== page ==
Over the Rainbow
By N.A.Bhatti

Jeffersonville, Indiana: On a bright sunny morning late last month, a PIA plane roared off the Islamabad runway with four of a family: two octogenarian fathers and their middle-aged children, bound for the United States.
It was my fourth visit to the Land of Opportunity, although to be frank, I have no further craving for worldly opportunity, neither had the Admiral. We had been invited by the Doctor and his wife to join them in a marriage ceremony as well as to see for ourselves the new America of 2006, the America of their second home. We could then form our own independent opinions about US-Muslim relations in the post-9/11 era and help other compatriots to modify their own if need be. So, off we went over the rainbow, hoping to find not the pot of gold at its end but something that would bring us the peace of mind sorely needed at this delicate juncture of human history.
After flying about ten thousand miles and crossing ten time zones to the picturesque mid-western town of Jeffersonville in the state of Indiana, we piled up a royal jet lag and our rainbow lost some of its brightness. However, four or five days of complete rest and watching dozens of TV channels, brought back its glamorous brightness and we were up and about visiting friends, shopping malls and museums, and gathering the local Muslim community's gup.
Our host for the next two or three months is my nephew 'Doc'. He related to us an interesting account about Dr. Riffat Hassan of the University of Louisville, Kentucky. She is already a known personality in Pakistan as she has led a number of delegations to Pakistan, India and Bangladesh. These were exchange visit programs between scholars from the US and South Asian Muslim countries, centering on the subject 'Islamic Life in the US'. The entire program had been very successful and the US State Department had funded it as it considered it as a model for future programs. The rainbow brightened.
The idea underlying this program is that there are many unfounded misconceptions that Muslims on the one hand and Christians and Jews on the other, harbor against each other. The way to remove such misgivings is to let each group interact informally with their counterparts and let them experience how they live, practice their faith and raise their families. The group will find many common values and aspirations. Given sufficient experience, the misunderstandings and prejudices will be removed and there will be more trust and forgiveness. This exchange of religious scholars from the USA and Asia has had a very positive impact on the communities that were involved in this exchange. Our rainbow gets brighter than ever.
Following the success of this program, the US State Department is understood to be issuing another grant entitled 'Religion and Society: a dialogue'. It was brought to my notice that the Muslim community of Kentucky and Indiana is now more involved in their local civic life than before. This has brought about greater understanding of Islam and Americans have become more aware that not all Muslims are necessarily bad. Similarly Muslims have realized that not all Americans are necessarily bad. There is more goodness than evil all over the world. Evil and goodness are not the prerogatives of one religion or race. Good Muslims and Christians feel each other's pain and sorrow. The rainbow shone brighter than ever before.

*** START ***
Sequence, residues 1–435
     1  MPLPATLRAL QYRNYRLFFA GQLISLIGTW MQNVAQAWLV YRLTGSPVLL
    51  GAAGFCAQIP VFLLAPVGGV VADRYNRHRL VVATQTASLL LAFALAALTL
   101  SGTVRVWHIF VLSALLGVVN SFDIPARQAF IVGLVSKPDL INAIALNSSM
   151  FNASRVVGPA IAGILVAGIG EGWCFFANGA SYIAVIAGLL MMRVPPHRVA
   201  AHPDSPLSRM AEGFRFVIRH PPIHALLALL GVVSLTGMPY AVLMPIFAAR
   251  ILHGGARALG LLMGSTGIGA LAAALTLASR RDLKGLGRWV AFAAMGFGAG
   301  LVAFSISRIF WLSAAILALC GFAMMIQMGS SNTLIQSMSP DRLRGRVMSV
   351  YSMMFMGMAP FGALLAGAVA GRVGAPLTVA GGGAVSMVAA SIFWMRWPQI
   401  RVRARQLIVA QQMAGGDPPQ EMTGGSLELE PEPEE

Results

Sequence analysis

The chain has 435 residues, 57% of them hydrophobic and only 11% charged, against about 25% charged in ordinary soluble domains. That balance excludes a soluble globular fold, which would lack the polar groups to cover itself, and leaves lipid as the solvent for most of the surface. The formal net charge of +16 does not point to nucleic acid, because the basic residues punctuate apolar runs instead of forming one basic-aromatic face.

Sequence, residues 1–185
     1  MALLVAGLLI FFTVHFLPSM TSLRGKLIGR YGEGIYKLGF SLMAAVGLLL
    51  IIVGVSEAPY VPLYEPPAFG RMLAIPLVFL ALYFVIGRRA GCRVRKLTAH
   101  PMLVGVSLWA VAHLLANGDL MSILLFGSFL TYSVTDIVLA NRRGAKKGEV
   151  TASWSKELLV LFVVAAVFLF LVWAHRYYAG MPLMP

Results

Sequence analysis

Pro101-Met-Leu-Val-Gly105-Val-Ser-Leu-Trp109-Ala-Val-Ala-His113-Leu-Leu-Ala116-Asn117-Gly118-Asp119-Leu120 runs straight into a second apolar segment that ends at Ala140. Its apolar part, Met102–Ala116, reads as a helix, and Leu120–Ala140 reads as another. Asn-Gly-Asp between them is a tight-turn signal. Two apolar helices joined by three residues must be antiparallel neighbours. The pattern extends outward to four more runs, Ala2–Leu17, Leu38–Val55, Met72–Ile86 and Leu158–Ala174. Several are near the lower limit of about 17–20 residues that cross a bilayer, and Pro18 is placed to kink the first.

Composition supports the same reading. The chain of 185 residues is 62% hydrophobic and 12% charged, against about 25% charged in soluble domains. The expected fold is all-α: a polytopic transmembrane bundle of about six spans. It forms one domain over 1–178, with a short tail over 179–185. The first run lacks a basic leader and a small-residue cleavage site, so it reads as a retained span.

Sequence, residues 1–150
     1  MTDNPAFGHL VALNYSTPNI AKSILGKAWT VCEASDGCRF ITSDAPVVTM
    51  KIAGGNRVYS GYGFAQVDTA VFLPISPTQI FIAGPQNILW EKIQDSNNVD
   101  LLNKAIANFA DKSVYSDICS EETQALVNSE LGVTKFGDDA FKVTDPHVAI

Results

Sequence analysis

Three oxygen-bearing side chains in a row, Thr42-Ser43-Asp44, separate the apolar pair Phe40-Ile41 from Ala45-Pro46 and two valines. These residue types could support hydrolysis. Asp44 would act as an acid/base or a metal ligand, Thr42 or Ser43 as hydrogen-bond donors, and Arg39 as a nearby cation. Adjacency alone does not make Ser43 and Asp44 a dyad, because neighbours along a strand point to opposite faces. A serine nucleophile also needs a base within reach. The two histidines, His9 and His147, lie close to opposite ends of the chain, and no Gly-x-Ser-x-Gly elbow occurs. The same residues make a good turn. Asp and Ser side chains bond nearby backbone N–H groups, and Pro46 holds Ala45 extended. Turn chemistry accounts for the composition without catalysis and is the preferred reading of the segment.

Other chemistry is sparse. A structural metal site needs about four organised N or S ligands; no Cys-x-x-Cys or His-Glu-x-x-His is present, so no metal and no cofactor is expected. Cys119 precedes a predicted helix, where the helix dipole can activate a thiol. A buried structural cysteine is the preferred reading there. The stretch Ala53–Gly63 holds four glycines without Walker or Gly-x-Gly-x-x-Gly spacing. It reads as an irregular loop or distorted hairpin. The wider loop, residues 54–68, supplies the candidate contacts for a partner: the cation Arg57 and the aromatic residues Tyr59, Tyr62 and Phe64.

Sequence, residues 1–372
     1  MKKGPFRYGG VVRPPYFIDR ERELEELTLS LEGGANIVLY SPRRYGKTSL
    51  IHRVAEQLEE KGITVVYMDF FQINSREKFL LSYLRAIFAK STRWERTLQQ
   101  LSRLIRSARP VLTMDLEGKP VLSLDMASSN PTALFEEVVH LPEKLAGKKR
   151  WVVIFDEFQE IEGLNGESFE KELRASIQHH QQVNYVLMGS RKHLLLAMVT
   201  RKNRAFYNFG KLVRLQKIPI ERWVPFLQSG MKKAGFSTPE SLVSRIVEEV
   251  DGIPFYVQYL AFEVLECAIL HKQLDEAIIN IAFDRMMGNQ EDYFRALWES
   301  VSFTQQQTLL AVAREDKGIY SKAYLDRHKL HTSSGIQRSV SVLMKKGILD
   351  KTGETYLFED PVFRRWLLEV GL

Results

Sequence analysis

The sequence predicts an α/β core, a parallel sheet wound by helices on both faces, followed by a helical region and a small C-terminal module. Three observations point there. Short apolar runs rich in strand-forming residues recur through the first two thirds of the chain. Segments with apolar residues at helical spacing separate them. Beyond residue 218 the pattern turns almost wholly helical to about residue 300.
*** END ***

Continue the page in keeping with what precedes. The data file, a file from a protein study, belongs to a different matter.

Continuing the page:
My optimism, however, received a rude shock when I came across the US edition of the October 2005 issue of Reader's Digest. Pages 182 to 198 carry the main feature: "Who Financed 9/11?" by Roland Murallo.
The full-page introduction epitomizes the following 15 pages.
"Listen to the taped conversation between Tom and Beverly Burnett and attorney Ronald Motley, and the pain you hear is as fresh and cutting as the day it began: September 11, 2001.
The Burnett's son, Tom Jr., died in the crash of Flight 93 after he and other passengers fought the hijackers for control of the jetliner. Tom and Beverly contacted attorney Motley not because they want monetary compensation for Tom's murder but they are after something bigger. In the depths of his misery, Tom Sr. had the idea of using the American legal system to expose those banks, businesses, charities and individuals who funded the 9/11 attacks and other terrorist activities worldwide. By drying up the terrorists' cash flow, the Burnetts hope ultimately to spare other families the grief they live with every day."
Fair enough, Roland Murallo! Such sympathy does not, however, give a license to journalists to launch oblique attacks on religions other than their own.
"Like all Muslims, members of the Wahhabi sect of Islam, prevalent in Saudi Arabia, are urged to perform Zakat, a kind of tithing. Osama bin Laden's Wahhabi notion of Zakat, a perversion of this tenet, encourages donations not to hungry children in the slums of Riyadh, but to organizations bent on killing 'infidels,' all infidels -- non-Wahhabi Muslims as well as Americans and other Westerners."
This is calculated to create misgivings among Muslim readers about the sincerity of those pioneers like Dr. Riffat Hassan of the University of Louisville, Kentucky. She and other Muslims are doing their best to reconcile the existing yawning chasm between Christianity and Islam. The US government is supporting and financing such efforts. I am still optimistic that in spite of these irritations and setbacks, we should continue to fly over the rainbow. (Courtesy The News)


Editor: Akhtar M. Faruqui
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